When you order before March 18, you'll receive $25 off the purchase price of $250.
Orders placed during the pre-order period will ship on March 19, 2018. Need a copy by a specific date? Email Doug Luman at firstname.lastname@example.org
ABOUT THE TEXT
When the envelopes started arriving, she was quite sure they were love letters. The envelopes: always a tasteful beige with just enough bronze to suggest jewelry or affection.
They never bore her name, at least, not her full name. Each envelope appeared by methods baffling and clandestine, mysterious or metaphysical, marked with a single E, handwritten in black ink that looked wet, but was dry to touch.
When she was younger, she was as good as blind without her glasses.
There was a Snellen chart joke -- you know the ones:
So this joke, it was that without her glasses every mark on a Snellen chart, no matter how large, would be just that -- a mark, nondescript, at best resembling a chubby 'I' or swollen period.
She was born Brod Belphatte; shared the nickname of Four Eyes with so many other short-, long-, or barely-sighted others in primary school. After the Snellen gag ran longer than expected and her friends became a little more original with their humor, Four Eyes became IIII (literally four I’s, pronounced 'eee'), which, in turn, became simply E.
It was a pet name, the use of which extended just beyond the realms of intimate relationships. And that was the E marking the front of these envelopes, drawn with each of its arms about as wide as a pinky finger's nail.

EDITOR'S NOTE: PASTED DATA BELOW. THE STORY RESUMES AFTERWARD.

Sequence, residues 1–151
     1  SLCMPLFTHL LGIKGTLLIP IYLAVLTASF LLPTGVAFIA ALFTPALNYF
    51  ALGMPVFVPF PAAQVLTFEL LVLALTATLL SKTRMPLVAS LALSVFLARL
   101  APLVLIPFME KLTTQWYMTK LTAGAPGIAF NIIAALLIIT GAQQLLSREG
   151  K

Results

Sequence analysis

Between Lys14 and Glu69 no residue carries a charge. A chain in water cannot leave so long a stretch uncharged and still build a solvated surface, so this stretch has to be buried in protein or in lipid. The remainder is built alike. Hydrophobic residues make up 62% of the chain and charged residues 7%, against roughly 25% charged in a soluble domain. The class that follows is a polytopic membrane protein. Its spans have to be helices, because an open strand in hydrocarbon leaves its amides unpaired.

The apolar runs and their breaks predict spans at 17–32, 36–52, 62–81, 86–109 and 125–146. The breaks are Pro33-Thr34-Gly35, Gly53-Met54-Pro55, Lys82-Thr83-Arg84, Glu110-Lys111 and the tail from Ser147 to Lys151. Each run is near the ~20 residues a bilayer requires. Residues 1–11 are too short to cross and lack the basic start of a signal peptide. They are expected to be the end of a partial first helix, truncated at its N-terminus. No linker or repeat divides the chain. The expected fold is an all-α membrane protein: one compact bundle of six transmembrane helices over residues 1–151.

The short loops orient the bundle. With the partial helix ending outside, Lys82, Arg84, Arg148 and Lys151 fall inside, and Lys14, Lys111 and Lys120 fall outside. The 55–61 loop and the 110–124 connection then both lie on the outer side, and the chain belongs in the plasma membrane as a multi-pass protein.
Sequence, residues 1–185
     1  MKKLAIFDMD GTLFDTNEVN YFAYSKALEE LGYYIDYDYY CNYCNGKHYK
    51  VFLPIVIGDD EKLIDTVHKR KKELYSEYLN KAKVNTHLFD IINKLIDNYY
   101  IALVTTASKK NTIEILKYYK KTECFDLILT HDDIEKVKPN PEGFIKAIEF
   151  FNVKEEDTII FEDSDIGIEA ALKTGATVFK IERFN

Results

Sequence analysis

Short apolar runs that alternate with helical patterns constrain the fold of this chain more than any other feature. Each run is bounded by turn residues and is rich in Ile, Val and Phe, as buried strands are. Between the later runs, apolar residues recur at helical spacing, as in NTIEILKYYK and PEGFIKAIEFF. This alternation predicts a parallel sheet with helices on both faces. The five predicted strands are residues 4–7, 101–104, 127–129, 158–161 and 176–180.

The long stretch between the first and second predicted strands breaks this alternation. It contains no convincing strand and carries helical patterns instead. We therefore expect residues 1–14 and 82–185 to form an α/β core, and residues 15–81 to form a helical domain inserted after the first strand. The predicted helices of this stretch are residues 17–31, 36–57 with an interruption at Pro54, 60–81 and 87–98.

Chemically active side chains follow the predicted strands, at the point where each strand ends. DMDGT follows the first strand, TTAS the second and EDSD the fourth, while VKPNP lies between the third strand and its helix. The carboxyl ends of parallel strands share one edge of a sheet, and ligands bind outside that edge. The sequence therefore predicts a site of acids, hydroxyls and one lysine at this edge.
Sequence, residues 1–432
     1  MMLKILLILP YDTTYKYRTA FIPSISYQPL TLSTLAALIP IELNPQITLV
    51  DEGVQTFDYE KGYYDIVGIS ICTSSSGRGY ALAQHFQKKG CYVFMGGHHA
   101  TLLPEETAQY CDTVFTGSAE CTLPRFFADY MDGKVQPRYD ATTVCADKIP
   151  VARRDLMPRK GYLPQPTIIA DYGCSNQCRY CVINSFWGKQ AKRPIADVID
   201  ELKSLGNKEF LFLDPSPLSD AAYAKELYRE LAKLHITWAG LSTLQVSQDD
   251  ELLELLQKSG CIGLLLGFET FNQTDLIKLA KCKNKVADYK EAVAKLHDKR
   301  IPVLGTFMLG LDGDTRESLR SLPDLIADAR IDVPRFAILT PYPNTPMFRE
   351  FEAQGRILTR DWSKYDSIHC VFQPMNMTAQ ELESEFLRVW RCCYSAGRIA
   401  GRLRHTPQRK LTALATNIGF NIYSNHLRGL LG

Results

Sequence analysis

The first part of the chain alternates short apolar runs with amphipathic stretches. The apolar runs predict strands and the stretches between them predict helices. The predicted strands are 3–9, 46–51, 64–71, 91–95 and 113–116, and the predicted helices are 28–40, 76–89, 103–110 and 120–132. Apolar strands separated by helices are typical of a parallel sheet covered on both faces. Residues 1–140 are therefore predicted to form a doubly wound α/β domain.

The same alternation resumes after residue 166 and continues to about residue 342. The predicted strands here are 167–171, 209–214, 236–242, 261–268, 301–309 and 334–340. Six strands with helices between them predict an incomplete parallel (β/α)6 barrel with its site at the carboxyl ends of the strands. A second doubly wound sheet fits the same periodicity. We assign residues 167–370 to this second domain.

The letters were scented, and that too made her quite sure that these were most probably sultry missives. Quite sure, but not quite certain.
Wrapped in the musk, beneath that E that confirmed these were indeed intended for her, were always three pieces of paper.
The first: a letter on unlined, unspoiled white paper that had been filled to various degrees with careful black horizons, all perfectly parallel, a series of black oceans atop one another and perfectly aligned.
The second and third pieces of paper contained a list of general facts about a chemical element and species of flower. Initially, she was uncertain how these came to be included inside otherwise romantic epistolaries, and thought their inclusion may even have been accidental. But the unceasing regularity with which they accompanied the more explicit love letters forced her to acknowledge these unlikely written bosom-buddies--one natural, scientific; one nauseating, explicit; both baffling--as being consciously coupled in the envelopes by their author, her admirer.
ABOUT THE OBJECT
is published as a box of letters and ephemera. Each box contains:
- 30 envelopes, each containing one letter, one gemstone card and one flower card.
- One satin scarf (designs vary per box)
- Assorted ephemera, including
- Pressed Flowers
- Wine corks
is produced in a limited edition run of 25 copies.
ABOUT THE ARTIST
was an amateur banjo player, founding member of the Atterton Academy, Kanganoulipian, and the author of P(oe)Ms
(Stale Objects dePress) and Poetic Pentagons
He works as an educator at the University of Technology Sydney and Western Sydney University.